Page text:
The stoning of Farzana Iqbal is another grim step in Pakistan’s descent into chaos

The ghastly fact is that this murder was nothing out of the ordinary

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The cold-blooded murder by her family – a female cousin, it is reported, wielded the first brick – of pregnant, 25-year-old Farzana Iqbal, who had made the elementary mistake of marrying a man she was in love with, could not have happened in a more picturesque corner of Pakistan.

Lahore is the queen of the sub-continent’s cities, the capital of the Punjab for nearly 1,000 years and still today the cultural and intellectual heart of the nation. It is a city where every corner of the old centre breathes history, where the successive efforts of Mughal, Sikh and British rulers combined to create a noble metropolis of gardens, schools, palaces and cricket grounds, all linked by the broad boulevard everyone still calls the Mall, though its name on the map is Shahrah-e-Quaid-e-Azam. Close to the heart of it is Lahore High Court, a confection of pointed arches and Islamic minarets in the Mughal-Gothic style, fronting palm trees, a fountain, a spreading lawn. And it was at the entrance to this court, in the cultured, civilised heart of this grand city, that the murder occurred. Police stood by and watched without moving a muscle.

All that culture and civilisation certainly failed Farzana Iqbal. The crude, incomprehensible imperatives of village and tribal law had their way with her before the lawyers in their shabby black jackets could step in. The remit of this grandiose court stopped at its steps.

The ghastly fact is that this murder was nothing out of the ordinary. As The Independent reported on Wednesday, around 1,000 Pakistani women are butchered every year on similar pretexts: because they have, in the grotesque jargon, besmirched their family honour by acting as if they had control of their lives, as if they lived in the modern world. But if we overlooked the previous 999 victims, it is right and proper that we should notice Farzana. The fact that she could be killed with impunity on this spot, sacred to traditions of law and process going back a millennium, says something very important and uncomfortable about Pakistan.

Pakistan has a lively and courageous culture of human rights, embodied in organisations such as the Human Rights Commission and the Aurat Foundation, in women such as Asma Jahangir, and the late Rashid Rehman, gunned down last month in his office for taking on the case of a man accused of blasphemy.

But this culture is the product of an intellectual legacy confined to a tiny privileged minority. That English-speaking, secular, liberal-minded minority was once the power in this land; Pakistan’s founder, Muhammad Ali Jinnah, was himself an immaculate representative of it, with his dazzling suits, his chiselled English, his whisky habit. But this minority’s right to hold sway over the 180-million-strong population, consisting overwhelmingly of people with whom they have nothing in common apart from their citizenship, is being contested as never before.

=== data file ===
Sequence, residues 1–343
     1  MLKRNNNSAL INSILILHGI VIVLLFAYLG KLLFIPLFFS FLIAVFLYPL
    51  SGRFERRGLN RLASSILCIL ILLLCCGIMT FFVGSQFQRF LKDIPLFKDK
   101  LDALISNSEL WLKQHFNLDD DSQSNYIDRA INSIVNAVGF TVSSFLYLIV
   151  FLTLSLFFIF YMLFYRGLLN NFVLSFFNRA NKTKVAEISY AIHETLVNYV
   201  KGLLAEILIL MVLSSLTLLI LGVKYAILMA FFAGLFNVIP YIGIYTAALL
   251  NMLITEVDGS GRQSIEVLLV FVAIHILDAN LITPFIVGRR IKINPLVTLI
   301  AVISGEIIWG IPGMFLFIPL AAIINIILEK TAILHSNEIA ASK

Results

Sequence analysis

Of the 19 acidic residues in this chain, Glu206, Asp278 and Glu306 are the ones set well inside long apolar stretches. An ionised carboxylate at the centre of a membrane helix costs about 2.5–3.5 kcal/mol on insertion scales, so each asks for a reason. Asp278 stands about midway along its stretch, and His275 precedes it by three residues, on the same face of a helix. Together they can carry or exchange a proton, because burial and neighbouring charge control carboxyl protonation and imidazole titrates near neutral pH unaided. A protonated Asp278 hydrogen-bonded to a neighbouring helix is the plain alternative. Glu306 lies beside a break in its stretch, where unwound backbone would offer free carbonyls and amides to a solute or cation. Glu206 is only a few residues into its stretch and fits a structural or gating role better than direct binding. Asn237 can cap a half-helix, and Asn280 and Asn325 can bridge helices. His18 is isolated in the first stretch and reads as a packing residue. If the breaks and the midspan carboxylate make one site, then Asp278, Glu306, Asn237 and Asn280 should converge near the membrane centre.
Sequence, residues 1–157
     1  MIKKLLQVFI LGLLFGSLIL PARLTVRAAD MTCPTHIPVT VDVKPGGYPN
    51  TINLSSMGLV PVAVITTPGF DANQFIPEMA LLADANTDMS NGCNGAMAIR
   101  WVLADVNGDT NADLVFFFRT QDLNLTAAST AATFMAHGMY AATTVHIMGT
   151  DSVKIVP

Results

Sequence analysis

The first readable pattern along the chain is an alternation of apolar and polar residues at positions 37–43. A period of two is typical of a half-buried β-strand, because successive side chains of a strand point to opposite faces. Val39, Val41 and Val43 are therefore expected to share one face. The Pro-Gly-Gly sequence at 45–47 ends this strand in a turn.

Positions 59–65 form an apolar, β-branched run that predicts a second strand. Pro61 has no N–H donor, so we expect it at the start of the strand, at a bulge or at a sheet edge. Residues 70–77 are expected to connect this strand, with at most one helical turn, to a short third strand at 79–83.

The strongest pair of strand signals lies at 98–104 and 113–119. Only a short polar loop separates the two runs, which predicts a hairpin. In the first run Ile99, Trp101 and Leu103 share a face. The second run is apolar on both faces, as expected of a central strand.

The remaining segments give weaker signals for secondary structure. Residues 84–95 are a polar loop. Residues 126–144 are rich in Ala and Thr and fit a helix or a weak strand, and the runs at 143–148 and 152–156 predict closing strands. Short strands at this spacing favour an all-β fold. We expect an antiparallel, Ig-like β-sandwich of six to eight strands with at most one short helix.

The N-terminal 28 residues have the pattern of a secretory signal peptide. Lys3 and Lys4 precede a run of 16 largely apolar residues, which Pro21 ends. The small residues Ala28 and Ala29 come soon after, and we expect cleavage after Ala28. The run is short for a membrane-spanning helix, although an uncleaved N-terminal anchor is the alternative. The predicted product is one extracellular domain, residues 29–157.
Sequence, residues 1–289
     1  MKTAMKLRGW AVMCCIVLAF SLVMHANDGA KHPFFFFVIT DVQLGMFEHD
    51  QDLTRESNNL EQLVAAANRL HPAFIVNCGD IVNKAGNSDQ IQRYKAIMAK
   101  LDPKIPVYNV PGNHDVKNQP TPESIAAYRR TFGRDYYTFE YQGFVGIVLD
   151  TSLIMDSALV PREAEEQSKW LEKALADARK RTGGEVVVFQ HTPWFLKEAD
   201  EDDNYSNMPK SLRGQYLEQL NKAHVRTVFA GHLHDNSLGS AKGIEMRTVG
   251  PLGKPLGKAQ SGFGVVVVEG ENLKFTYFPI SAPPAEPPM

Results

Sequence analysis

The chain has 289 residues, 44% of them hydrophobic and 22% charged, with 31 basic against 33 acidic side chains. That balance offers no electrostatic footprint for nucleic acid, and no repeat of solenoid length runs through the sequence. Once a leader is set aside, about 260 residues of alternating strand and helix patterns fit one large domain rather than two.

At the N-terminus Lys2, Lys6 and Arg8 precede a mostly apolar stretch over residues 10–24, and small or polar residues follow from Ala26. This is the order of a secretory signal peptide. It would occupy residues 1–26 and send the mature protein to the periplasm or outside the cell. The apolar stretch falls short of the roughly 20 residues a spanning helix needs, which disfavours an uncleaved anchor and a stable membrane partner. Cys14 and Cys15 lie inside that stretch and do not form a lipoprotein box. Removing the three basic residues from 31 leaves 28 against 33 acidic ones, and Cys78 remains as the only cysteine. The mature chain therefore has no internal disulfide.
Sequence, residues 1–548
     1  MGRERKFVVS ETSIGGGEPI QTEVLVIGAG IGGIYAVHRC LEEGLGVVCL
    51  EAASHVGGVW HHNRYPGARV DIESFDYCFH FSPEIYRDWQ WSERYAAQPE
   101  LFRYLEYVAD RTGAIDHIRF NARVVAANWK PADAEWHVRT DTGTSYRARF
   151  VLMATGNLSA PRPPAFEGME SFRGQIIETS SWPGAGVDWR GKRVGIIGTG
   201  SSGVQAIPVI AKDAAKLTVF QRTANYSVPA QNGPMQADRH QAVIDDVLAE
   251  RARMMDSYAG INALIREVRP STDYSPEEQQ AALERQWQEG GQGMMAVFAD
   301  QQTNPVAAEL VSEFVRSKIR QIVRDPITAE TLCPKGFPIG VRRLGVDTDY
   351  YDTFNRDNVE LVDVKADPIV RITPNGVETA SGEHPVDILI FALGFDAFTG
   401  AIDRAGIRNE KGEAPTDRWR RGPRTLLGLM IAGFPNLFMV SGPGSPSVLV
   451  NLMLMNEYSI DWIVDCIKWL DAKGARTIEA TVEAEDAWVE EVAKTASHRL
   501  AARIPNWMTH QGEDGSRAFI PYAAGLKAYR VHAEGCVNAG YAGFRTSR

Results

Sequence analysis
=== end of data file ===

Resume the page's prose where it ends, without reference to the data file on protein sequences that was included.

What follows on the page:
Yesterday, Prime Minister Nawaz Sharif, called Farzana’s killing “brutal” and “totally unacceptable” and demanded to know why police took no action to stop the murder. “I am directing the chief minister [of the Punjab] to take immediate action and a report must be submitted by this evening to my office,” he said.      

The imperious tone of his statement may be no more than a belated and clumsy attempt to deflect the outrage that Farzana’s killing has excited around the world. The killing and the twisted logic used to justify it belong to the world of the illiterate village and the tribal jirga, a world the likes of Nawaz Sharif only encounters during election campaigns. Yet it is not unreasonable to think that the premier’s reaction was sincere. I myself have seen him togged out in his whites, very ineptly playing cricket only a few hundred yards from Lahore High Court. Farzana’s murder was committed in a place where it might reasonably be assumed that the state’s writ still runs.

But the Pakistani state is no longer one thing: it is divided against itself. On the one hand, you have the likes of Nawaz, the steel millionaire, who invited local media into his garishly luxurious villa to celebrate his election victory last year, a moderately modern, secular figure and a good example of the padded, protected “creamy layer” that still runs the show. On the other hand, you have phenomena like the Taliban, brought into being by the spooks of the ISI intelligence agency to project Pakistani power into the heart of Afghanistan, but which has for more than a decade been a dagger turned in on Pakistan itself.

The old order that brought Pakistan into existence, long under siege, is dying a slow and painful death: events like the bombing of Islamabad’s Marriott Hotel and the siege of the Red Mosque in the same city have punctuated its fall. This killing on the threshold of Lahore High Court is another grim marker.

But what threatens to replace the elite is not a new order but rampant chaos, acting with atavistic fury according to its own lights. It is happening in a society that is notionally Muslim, but Islamic authority seems no more capable of bringing order to this ramshackle revolution than its secular counterpart.

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